I received this in my email1318 earlier today and thought I'd share it with my readers here and make a few comments after it.
U.S. Bonds Resemble Internet Bubble, Citi Says: Chart of Day
By David Wilson
Aug. 17 (Bloomberg) -- U.S. bonds may be just as vulnerable to a plunge as stocks were a decade ago, when the Internet bubble burst, according to Tobias Levkovich, Citigroup Inc.s chief U.S. equity strategist.
The CHART OF THE DAY depicts how an index of monthly returns on 10-year Treasury notes since 2000, as compiled by Ryan Labs, compares with a total-return version of the Standard & Poors 500 Index from 1990 through 2005. The latter gauge peaked in August 2000 and tumbled 38 percent in the next two years.
The similarities should cause anxiety, Levkovich wrote yesterday in a report with a comparable chart. He calculated that the 10-year note had a 0.87 correlation with the S&P 500 of a decade earlier, which meant its performance followed much the same pattern.
Another parallel, he wrote, is that investors are moving into bond mutual funds in the same way that they poured cash excessively into stock funds back in 2000.
About $561 billion has flowed into bond funds since the beginning of last year, according to data from the Investment Company Institute. Stock funds, by contrast, had a $42 billion outflow during the period.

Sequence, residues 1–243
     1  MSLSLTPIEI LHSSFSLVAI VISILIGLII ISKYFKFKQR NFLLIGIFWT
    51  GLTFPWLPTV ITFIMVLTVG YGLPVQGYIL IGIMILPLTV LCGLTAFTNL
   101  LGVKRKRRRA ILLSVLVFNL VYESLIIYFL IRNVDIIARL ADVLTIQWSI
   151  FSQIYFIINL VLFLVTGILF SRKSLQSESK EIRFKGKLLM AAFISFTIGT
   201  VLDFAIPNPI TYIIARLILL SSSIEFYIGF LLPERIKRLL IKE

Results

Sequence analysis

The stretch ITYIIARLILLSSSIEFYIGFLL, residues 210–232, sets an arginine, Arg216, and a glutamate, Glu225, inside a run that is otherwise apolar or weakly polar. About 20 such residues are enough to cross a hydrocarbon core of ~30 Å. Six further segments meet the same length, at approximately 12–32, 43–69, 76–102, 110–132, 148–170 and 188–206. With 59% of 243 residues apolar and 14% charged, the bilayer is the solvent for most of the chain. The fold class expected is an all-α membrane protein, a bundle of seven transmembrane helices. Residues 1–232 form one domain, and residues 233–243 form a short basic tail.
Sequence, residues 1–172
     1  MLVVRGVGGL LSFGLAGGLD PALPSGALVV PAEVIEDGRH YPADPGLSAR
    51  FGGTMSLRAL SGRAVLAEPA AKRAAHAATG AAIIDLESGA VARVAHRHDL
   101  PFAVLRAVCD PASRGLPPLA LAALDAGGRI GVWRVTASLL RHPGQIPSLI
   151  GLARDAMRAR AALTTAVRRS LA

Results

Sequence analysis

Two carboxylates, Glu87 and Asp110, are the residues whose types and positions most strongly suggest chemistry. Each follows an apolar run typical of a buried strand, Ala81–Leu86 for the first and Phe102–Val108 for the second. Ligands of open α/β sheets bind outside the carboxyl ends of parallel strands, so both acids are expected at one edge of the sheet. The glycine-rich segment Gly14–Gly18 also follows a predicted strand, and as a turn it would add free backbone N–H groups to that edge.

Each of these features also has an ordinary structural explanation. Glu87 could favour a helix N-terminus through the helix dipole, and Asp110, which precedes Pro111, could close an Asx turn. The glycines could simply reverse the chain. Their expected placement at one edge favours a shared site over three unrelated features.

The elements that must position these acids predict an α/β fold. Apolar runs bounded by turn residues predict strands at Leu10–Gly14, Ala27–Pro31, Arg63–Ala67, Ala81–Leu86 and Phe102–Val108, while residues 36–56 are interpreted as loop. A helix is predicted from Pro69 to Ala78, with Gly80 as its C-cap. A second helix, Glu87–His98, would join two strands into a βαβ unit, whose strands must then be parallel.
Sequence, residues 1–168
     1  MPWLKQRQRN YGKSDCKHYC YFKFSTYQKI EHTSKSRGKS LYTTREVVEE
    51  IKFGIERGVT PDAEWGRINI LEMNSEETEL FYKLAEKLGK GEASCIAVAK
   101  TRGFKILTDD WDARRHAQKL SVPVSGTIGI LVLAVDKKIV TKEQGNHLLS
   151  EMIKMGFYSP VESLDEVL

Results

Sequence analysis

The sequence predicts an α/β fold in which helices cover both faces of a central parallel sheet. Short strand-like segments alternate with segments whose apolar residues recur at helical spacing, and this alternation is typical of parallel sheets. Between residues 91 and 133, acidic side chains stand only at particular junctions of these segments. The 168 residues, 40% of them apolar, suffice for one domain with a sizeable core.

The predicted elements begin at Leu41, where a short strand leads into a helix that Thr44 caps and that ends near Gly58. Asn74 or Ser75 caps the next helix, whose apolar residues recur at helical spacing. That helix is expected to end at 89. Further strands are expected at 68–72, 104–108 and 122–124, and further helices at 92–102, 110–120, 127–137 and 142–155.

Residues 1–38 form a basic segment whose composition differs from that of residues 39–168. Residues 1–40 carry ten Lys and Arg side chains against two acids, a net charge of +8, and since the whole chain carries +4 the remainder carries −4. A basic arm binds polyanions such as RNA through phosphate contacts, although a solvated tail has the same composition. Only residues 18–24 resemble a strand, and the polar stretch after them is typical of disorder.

A theme that also strikes home with me in investing is that people always seem to extrapolate recent events into the future. Just like in the late 1990s when money recklessly flooded into equities to chase recent good performance investors are now rushing into bonds looking for extreme levels of perceived safety and disregarding high quality equities which are now sporting the most attractive valuations in years (some of which also have dividend yields in excess of 10 year U.S. treasury notes).
On Monday I happened to come across a 1979 New York Times article that referenced Warren Buffett's 1978 Berkshire Hathaway Letters to Shareholders and highlighted his comments on institutional asset allocation. I believe it would be instructive to quote it here with the Bloomberg comments in mind:
"An irresistible footnote: in 1971, pension fund managers invested a record 122% of net funds available in equities - at full prices they couldn't buy enough of them. In 1974, after the bottom had fallen out, they committed a then record low of 21% to stocks.
A second footnote: in 1978 pension managers, a group that logically should maintain the
longest of investment perspectives, put only 9% of net available funds into equities - breaking the record low figure set in 1974 and tied in 1977."
So what is the situation today concerning the allocations of pension funds and other institutional investors? Let's examine a few relevant quotes from around the world to see if the same behavior that Warren mentioned is happening again.
The first quote is from an April 17, 2009 Bloomberg article: